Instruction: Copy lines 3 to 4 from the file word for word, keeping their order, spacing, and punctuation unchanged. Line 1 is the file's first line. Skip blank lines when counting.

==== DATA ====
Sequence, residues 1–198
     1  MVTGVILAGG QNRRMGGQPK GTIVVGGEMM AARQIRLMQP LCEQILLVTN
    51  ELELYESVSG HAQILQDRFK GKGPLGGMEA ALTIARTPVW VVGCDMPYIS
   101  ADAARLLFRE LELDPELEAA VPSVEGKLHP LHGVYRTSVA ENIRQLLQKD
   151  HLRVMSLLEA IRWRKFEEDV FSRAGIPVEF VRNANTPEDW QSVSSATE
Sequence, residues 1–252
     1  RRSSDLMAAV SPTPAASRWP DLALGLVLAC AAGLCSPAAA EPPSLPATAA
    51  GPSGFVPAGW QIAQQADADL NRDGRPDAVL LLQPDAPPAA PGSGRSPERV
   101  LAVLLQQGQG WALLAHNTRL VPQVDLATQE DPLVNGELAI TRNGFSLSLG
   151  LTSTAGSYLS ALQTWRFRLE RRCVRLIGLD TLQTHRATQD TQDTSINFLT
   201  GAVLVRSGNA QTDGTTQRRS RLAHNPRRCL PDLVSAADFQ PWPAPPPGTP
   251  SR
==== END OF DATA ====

    51  ELELYESVSG HAQILQDRFK GKGPLGGMEA ALTIARTPVW VVGCDMPYIS
   101  ADAARLLFRE LELDPELEAA VPSVEGKLHP LHGVYRTSVA ENIRQLLQKD